January 27, 2011

Haiga 487 Santoka haiku

Haiku by Taneda, Santoka. Artwork by myself.
The haiga shows Santoka's silhouette in traveling monk attire with kasa(hat).
The black and white version was once used for a book published at Jim Kacian's Red Moon Press.
When I was making this haiga, I thought the use of gradation was suitable to show the mood of it.
I did the translation myself, which I am not sure if appropriate. Any suggestion welcomed.


Devika said...

'silhouette from behind' -- there was little confusion...but it conveys his walk into the drizzle,

and loved it, I think it speaks of the monk-poet in depth....not commenting on the master he was...and lovely representation by you, Kuni-san :)


Gwilym Williams said...

The translation is the best.
It's suitably aliterative to capture the mood. Well done!

J. S. H. Bjerg said...

Love this haiga!!! I think you have cought something essential concerning Santoka in this haiga. Beautiful!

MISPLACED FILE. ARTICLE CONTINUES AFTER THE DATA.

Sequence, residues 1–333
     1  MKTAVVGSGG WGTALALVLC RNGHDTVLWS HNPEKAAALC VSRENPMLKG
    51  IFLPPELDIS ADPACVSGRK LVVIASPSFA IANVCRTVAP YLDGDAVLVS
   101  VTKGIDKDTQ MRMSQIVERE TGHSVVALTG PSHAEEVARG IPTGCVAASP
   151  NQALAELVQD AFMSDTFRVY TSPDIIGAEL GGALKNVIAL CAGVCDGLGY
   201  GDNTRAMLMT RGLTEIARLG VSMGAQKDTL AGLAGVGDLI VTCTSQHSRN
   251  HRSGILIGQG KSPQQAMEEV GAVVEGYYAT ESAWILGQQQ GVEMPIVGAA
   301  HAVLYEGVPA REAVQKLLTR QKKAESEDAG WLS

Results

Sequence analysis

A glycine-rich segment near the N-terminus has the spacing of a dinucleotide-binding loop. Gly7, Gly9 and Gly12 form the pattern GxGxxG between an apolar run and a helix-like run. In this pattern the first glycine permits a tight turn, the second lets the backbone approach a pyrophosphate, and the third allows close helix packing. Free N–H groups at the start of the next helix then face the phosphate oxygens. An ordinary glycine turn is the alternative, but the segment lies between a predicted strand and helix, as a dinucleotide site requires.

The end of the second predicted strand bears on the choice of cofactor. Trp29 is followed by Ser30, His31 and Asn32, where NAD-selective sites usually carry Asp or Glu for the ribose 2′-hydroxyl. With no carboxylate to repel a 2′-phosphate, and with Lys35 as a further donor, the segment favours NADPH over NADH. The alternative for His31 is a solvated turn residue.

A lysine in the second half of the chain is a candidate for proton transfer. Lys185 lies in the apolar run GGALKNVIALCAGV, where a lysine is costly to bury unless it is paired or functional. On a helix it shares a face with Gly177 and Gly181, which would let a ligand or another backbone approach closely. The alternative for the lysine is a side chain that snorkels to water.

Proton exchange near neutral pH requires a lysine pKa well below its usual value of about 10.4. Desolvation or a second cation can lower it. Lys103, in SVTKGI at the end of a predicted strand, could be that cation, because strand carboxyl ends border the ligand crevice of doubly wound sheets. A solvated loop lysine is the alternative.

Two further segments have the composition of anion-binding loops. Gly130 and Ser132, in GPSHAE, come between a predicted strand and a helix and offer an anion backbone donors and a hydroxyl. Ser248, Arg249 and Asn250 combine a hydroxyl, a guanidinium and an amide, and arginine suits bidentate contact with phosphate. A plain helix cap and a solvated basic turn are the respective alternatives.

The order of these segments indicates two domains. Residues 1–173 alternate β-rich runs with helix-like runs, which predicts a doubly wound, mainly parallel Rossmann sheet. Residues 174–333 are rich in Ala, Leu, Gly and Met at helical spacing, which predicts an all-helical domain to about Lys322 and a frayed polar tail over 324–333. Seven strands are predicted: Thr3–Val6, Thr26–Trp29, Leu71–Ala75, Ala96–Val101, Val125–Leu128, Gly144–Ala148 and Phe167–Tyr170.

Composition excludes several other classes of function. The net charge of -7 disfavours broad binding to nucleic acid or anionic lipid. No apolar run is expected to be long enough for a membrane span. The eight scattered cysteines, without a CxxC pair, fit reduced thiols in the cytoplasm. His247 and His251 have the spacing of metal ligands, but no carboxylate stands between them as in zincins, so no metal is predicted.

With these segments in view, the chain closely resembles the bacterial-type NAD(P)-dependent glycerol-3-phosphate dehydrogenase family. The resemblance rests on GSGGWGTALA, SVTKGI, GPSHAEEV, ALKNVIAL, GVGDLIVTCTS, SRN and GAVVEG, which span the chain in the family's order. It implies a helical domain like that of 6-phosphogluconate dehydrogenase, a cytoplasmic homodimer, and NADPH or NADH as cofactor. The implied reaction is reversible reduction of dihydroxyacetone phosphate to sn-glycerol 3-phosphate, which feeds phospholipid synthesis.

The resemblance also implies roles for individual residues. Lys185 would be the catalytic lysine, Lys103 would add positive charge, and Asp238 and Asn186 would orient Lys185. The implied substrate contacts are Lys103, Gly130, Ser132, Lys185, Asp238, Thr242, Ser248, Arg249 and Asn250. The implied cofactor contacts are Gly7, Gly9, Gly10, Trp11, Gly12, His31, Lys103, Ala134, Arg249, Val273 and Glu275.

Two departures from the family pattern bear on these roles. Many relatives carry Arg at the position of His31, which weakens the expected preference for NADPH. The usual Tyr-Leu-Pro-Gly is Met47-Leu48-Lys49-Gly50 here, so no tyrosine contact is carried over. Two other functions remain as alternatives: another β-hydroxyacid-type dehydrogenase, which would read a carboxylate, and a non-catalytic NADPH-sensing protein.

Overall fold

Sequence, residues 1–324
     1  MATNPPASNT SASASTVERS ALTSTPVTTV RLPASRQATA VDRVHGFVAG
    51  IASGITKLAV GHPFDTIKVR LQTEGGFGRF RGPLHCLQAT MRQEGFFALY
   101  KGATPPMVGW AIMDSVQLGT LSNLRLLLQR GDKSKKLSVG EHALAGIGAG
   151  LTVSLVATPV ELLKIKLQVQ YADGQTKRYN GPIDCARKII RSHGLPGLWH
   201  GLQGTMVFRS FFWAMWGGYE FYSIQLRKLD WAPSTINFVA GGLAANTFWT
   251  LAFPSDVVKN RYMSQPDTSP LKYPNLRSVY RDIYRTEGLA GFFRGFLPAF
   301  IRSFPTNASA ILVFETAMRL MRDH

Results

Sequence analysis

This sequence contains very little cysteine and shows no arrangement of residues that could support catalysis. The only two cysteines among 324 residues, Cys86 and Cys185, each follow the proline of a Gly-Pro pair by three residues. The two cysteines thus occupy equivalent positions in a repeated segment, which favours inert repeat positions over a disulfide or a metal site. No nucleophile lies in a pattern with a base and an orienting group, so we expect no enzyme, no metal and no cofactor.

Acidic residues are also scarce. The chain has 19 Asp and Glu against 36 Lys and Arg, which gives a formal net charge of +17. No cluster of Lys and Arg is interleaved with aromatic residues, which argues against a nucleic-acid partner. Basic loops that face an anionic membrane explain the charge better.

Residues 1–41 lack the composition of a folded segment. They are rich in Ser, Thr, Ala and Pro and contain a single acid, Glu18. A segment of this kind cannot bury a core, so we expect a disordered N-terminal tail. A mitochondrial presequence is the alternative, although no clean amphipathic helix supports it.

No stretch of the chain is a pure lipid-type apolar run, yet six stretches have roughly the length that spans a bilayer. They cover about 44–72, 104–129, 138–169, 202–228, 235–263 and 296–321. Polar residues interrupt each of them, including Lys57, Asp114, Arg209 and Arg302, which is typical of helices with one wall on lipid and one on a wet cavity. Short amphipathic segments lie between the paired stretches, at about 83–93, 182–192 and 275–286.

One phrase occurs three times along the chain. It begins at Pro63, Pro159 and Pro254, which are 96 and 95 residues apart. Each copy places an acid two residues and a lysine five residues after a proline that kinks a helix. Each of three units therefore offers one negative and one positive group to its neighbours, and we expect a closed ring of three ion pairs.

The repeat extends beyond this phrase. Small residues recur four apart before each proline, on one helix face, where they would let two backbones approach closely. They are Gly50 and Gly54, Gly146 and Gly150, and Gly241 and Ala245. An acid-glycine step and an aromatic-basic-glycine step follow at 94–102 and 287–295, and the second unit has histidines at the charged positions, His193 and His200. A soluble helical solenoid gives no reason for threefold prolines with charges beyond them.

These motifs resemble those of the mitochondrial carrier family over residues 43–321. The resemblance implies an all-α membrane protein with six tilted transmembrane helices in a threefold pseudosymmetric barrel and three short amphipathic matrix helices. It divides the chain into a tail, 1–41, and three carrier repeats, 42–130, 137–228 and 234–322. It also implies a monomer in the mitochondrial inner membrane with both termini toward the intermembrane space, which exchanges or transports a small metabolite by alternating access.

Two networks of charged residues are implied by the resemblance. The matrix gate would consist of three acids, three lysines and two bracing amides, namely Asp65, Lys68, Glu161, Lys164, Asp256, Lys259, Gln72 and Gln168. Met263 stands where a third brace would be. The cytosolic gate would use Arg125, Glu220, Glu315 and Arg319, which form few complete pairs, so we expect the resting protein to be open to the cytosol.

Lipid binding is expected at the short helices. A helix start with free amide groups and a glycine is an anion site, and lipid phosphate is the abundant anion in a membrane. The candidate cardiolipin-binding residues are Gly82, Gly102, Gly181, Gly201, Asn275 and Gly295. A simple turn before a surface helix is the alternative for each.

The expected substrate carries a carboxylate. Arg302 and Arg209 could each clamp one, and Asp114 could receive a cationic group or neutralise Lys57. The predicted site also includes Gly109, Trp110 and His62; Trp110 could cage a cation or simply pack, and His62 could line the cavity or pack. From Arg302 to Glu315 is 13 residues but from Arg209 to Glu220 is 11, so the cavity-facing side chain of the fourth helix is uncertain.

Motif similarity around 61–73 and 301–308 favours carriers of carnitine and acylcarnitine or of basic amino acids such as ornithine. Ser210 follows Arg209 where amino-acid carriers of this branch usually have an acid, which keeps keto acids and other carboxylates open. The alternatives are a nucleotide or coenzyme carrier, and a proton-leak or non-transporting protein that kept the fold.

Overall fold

kuni_san said...

Thank you all.
The original haiku in Japanese is a bet confusing. My interpretation is this: Santoka, however a good poet, considered himself as a looser in the society. He probably saw someone walkng in fornt of him in the drizzle, disappearing, and imagined himself as if vanishing in the haze of drizzle, too.

bandit said...

I think you were concerned that there are not exactly two distinct 'images' in your translation?

I only speak English, and I find the message to be very well written. The artwork is beautiful and evocative.

Might you have concern that the piece overall may tell too much, or directly convey too much emotion? Although ...

I admit to not knowing Santoka that well, though i feel very strong associations with his verses. Would it be true to say that he does not juxtapose images in his poetry that much?

I ask these question of myself as much as to you, kuni san.

kuni_san said...

I think you are right about juxtaposition. Santoka's haiku is like one short remark.